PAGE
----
Ricochet is one of those New Zealand fashion brands most millennials might remember for its signature collections, finding its peak era in the late 90s and early 2000s.
It is an androgynous aesthetic inspired by Japanese references and youth culture distilled into fingerless gloves, edgy tops, or an asymmetrical skirt-over-trousers look; Y2K style but with a distinctively dark, New Zealand bent.
Since it launched in 1993, the brand has been reimagined through the eyes of various lead designers, drawing into the origins of the brand’s design ethos of directional tailoring, deconstructed silhouettes, and sporty casual wear, and evolving it to suit the market at any given time.
Its current incarnation is seen through the eyes of Richard Huang, an Auckland-based creative who, along with modelling, styling and creative direction, has maintained the brand’s aesthetic while giving it a contemporary point of view. Richard also designs for its sister brand Gregory, another local staple known for its sophisticated take on womenswear.
Having worked on both brands in the past, it’s been particularly interesting for me to see how they’ve evolved into the slick labels they have become with the help of Richard’s vision.
Keeping his creative spirit alive, the AUT design graduate also works part-time as a stylist and model, along with a side hobby of finding rare design gems, furniture and objects via his 6C/11 Store, which makes this stylish multi-disciplinary designer the perfect candidate for our Style Liaisons series. Here, he shares his personal approach to style, including self-portraits of his personal styling with photographer Hōne Naera-Scott.
Describe your personal style.
A mixture of hyper-masculine with a touch of femininity.
What does style mean to you?
Being comfortable and feeling my best.
What designers are you drawn to?
My favourite designers right now are Dion Lee and Casey Cadwallader, the creative director of Mugler. Their designs marry traditional tailoring with experimental construction, and they make sexy designs that are not only fluid but also architectural and sculptural. I am obsessed!
Tell us about your favourite item of clothing.
An oversized white shirt.
What are your early memories of style?
I do remember my mum was obsessed with fashion and jewellery when I was young. She was constantly buying new stuff every week. She always asked me for my opinion and sometimes I would style her. It was fun to see her love for fashion.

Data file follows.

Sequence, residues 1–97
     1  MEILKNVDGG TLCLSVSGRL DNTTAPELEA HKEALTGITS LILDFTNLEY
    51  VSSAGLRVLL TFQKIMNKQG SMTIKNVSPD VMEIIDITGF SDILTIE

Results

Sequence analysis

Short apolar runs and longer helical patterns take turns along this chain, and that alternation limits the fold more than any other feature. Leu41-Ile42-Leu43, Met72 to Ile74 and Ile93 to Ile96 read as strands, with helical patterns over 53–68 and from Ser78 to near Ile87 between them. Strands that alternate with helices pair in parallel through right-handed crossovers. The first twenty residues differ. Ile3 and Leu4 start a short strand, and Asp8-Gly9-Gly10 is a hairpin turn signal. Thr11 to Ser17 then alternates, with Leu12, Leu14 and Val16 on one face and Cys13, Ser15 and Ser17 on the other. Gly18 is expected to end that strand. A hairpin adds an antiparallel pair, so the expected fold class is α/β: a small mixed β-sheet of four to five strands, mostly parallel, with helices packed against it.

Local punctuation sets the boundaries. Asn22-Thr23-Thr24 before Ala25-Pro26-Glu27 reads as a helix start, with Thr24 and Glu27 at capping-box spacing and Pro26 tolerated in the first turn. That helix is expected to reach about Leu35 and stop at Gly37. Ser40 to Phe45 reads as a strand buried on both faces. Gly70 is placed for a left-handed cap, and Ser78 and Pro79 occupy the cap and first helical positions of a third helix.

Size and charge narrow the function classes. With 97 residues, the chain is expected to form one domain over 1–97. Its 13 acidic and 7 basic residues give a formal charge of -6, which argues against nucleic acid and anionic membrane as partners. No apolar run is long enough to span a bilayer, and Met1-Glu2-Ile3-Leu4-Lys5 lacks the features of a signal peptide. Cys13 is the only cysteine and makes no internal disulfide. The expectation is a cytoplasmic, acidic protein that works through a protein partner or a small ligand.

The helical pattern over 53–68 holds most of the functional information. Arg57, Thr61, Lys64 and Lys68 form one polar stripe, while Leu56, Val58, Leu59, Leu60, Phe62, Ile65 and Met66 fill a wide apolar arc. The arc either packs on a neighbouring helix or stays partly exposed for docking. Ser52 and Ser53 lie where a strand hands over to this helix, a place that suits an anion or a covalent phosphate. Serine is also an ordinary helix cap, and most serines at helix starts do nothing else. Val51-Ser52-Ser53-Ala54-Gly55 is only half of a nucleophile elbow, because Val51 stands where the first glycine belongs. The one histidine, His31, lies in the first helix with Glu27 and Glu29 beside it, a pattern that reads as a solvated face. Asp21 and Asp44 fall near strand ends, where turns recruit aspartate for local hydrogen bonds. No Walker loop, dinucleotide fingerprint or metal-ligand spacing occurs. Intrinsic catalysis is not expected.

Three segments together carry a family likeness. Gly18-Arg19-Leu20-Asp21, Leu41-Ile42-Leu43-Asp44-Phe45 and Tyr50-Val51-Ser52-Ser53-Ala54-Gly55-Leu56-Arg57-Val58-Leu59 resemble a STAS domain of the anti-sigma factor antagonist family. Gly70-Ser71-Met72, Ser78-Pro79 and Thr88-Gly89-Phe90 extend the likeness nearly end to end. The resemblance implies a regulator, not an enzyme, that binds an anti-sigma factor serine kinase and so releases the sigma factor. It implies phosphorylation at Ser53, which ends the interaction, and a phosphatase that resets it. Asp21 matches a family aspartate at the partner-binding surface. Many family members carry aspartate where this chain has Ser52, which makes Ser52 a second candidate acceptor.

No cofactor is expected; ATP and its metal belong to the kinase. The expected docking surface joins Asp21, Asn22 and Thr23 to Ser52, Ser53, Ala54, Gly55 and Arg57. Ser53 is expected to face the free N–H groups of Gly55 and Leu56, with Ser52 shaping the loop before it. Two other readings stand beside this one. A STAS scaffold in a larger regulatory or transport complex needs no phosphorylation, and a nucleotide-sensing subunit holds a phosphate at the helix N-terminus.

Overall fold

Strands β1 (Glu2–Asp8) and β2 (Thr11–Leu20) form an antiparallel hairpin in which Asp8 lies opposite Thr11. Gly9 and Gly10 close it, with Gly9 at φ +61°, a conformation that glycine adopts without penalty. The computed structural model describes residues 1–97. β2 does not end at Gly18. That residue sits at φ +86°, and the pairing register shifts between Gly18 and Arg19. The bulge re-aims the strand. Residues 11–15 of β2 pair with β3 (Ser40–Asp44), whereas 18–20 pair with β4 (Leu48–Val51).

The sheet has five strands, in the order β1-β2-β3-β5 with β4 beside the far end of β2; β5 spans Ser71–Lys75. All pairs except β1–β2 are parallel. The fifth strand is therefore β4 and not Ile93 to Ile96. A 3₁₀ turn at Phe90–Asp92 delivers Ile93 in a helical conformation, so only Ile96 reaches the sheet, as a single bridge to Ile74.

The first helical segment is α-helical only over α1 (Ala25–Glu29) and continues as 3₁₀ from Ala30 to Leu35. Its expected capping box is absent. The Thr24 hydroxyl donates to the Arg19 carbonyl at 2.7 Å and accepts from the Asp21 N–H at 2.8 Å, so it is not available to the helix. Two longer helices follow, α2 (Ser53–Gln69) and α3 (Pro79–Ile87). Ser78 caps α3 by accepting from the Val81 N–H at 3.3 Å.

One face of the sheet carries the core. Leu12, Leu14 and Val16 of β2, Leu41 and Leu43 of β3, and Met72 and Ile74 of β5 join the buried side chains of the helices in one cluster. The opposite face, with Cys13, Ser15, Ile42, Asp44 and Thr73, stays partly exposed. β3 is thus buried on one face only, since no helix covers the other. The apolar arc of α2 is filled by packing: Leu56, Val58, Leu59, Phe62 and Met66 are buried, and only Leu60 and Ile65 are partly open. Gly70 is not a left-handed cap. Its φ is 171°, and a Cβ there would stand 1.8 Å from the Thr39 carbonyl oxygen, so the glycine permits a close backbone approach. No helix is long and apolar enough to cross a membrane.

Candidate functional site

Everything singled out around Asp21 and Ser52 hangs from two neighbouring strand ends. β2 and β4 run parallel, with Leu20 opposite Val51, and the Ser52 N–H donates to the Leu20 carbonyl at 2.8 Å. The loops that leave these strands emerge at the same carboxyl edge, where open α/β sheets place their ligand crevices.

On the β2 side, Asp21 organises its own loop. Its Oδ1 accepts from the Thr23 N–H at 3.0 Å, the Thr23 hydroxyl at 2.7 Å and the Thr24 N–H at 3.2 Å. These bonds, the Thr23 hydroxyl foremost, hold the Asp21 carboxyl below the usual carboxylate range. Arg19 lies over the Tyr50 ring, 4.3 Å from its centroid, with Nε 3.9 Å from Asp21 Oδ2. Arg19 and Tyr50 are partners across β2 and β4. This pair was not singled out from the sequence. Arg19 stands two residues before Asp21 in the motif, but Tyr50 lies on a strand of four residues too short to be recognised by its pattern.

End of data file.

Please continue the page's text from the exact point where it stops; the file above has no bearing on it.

What do you wear when you want to feel your best?
What kind of accessories are you drawn to when it comes to putting your own look together?
Earrings will definitely make my outfit feel complete.
Tell us about what your day-to-day role involves and what you like about the job as a creative person.
As a fashion designer, my job is very hands-on and involves a lot of designing, pattern-making, and working with toiles. One of the things I love about my work is that I work with a small team, which means I get to be involved in every stage of the fashion process. This gives me a lot of creative freedom and control over the end product, which is something I’m very grateful for.
Overall, my day-to-day role is focused on bringing my creative vision to life and making sure that every detail of the design is executed flawlessly. Whether I’m working on a new collection or refining an existing design, I’m always striving to create something that is unique, beautiful, and true to my own personal style.
Where do you find inspiration when it comes to designing?
I generally look to sources unrelated to fashion for inspiration, including furniture, architecture, interior design and art. But I do love looking at historical garments and vintage clothes to learn more about construction and finishing.
As a designer and creative, what do you think fashion could be doing better right now?
Fashion could be so much better without social media and the internet right now, in my personal opinion. I feel that people would be more inspired by each other if they were able to gather together and spend time in person, rather than simply following trends and influencers online.
I believe that fashion is more authentic and personal when it is inspired by culture, music, and the city, rather than simply following popular trends. I feel that people’s unique styles are a reflection of their personal experiences and inspirations and that this is something to be celebrated.
What’s the best piece of advice anyone ever gave you?
Mum always says to me, “Everything happens for a reason.”
What is your personal approach to grooming? What products do you find reliable and work for you?
I love to take care of my skin and learn about products. I try to keep it as simple and clean as I can. I do a deep clean at night, but usually just splash my face with cold water when I wake up. One of my favourite skincare products right now is The Ordinary’s hyaluronic acid and it really works on my skin.
What does a quiet moment like look for you?
I will grab a coffee and go for a long walk in the morning.